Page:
As well as being reassuring things to be read by a person suffering from an illness, or a friend or relative of that person (Blue Pills by Frederik Peeters, a graphic novel about HIV immediately springs to mind, expect an indepth review soon) but the process of creating it for the artist can often bring them out of the very funk they are describing. For example in Darryl Cunningham's Psychiatric Tales it is the recognition he starts to receive for his strips that brings him out of isolation and therefore becomes part of the process of healing.
Katie Green, who I mentioned in my previous post, also mentioned in her talk that when she decided that when she wanted to be an illustrator, this was very much the fork in the road between her dying and her living.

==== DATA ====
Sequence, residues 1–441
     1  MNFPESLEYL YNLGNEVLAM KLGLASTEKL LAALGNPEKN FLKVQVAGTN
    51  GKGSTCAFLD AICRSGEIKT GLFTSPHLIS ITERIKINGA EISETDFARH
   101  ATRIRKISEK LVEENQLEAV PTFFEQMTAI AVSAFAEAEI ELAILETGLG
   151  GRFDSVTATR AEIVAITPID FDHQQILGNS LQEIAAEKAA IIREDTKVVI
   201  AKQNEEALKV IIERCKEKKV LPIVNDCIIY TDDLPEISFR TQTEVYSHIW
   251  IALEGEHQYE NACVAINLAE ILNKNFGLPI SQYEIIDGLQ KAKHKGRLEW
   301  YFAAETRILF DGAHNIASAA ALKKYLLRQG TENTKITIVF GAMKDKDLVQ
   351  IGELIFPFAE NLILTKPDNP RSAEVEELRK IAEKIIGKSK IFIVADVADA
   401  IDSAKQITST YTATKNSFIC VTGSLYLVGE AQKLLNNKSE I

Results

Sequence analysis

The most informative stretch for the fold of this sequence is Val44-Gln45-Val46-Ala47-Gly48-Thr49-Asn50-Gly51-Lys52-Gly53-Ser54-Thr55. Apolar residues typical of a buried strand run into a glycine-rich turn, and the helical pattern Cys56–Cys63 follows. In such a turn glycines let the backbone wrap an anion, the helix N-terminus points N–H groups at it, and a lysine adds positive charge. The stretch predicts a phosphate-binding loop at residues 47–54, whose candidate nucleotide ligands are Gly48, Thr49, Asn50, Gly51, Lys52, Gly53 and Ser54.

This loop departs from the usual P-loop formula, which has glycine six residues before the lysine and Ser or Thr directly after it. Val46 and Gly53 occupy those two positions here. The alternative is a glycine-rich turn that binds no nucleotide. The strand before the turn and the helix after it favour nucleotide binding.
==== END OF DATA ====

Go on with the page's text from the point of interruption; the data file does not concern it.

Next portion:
Of course, you may complain, 'I don't have a creative bone in my body!', 'I can't draw!', but there are plenty of comic artists that tell their stories just as well with a slightly more primitive stripped down style (I'm thinking John Porcellino, and Sarah Leavitt's Tangles). Even the process of keeping a diary about your experiences is a useful one. To me the rising discipline of Medical Humanities which draws from literature and art when treating patients, is a highly important one. At it's roots, it seems to me to be about treating the patients as well as the disease, stressing the humanity in medical humanities (of course it would be fairly redundant without a certain degree of good medical care as well). But the fact that medical students are being encouraged to create their own comics in certain places about their own experiences (as well as thinking more carefully about what it might be like to be in their patients shoes) can only be a good thing. In my opinion I think that these graphic novels should be made more readily available not just to doctors, nurses, and medical students, but to the patients themselves(*1). Try to imagine for a second the conflicted emotions and guilt of a person suffering from mental health issues for the first time, and then imagine the relief they might feel knowing that they are not alone when reading something like Psychiatric Tales. The artists of these books often talk about creating the book they wish was there when they were suffering, it would be great to see that these books got into the hands of those who need them the most.